Badgers have been present in Ireland for at least 6,000 years and are this Island’s largest land carnivore. They are stout animals with a coarse grey coat of fur and a small, white-tipped tail. Badgers have a head-body length of around 65–80 cm and a bodyweight of 8-12 kg. The males (boars) are larger than females (sows). Their short, powerful legs have five well-developed claws on each foot, which makes them exceptional diggers.  They can easily excavate extensive networks of tunnels and chambers, called setts, which they use for shelter and breeding. Badgers and their setts are protected by law throughout Ireland.

Badgers are very social animals and live, on average, in groups of six. They are shy, nocturnal creatures that cautiously emerge from their setts at dusk to feed and groom themselves. Their extremely well-developed sense of smell is used to recognise one another, find food, travel around and detect signs of danger.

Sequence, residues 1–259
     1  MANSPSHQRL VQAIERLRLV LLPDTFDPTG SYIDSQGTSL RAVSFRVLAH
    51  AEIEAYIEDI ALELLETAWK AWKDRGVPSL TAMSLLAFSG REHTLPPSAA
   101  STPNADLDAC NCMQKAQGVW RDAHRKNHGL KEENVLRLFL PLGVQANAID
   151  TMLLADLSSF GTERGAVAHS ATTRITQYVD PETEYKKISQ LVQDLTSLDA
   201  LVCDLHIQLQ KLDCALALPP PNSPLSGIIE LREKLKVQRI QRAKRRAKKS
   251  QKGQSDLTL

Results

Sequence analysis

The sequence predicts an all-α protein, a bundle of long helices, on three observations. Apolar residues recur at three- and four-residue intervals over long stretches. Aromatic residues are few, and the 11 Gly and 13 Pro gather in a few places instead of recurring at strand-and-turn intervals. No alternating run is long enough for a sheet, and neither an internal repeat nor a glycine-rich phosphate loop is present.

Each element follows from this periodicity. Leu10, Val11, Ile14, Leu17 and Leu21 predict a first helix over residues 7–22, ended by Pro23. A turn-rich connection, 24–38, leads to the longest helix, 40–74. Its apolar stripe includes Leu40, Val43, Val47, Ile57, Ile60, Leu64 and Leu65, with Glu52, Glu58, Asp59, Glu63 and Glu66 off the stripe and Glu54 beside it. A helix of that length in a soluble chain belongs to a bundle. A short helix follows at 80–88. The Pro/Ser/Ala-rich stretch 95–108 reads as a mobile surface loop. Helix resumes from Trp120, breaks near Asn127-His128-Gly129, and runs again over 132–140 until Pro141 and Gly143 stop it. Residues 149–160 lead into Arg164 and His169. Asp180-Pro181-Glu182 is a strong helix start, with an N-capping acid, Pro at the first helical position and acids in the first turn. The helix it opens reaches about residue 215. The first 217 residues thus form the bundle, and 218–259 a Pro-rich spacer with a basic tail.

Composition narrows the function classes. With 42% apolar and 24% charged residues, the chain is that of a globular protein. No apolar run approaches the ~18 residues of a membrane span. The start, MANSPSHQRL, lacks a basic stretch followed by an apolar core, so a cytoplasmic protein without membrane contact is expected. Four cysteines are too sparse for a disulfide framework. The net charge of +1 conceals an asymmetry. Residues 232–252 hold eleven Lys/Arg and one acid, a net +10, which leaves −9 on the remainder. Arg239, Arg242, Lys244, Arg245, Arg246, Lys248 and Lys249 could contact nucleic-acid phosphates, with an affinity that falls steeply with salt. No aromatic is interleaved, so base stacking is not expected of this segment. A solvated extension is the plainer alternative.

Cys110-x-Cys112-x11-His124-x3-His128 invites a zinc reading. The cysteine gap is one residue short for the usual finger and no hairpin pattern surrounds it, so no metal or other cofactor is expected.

Although badgers eat worms, frogs, birds’ eggs, small mammals and even carrion, they also forage for roots and berries. Because their diet it so varied, badgers do not need to travel great distances when out on their nocturnal feeding forays, and it is rare for them to go more than a few kilometres from their home.

From late October to late December, badgers sleep for an increasing amount of the time, but even then in mild weather they wake up and go out in search of food. They become very active from February onwards, and their young are born in spring. Usually only one female in a group will reproduce successfully. Generally, up to five cubs are born in January or February and are blind for about five weeks. They emerge above ground in April or May. By late summer the cubs are able to fend for themselves, but it is common for them to remain with the mother through their first winter.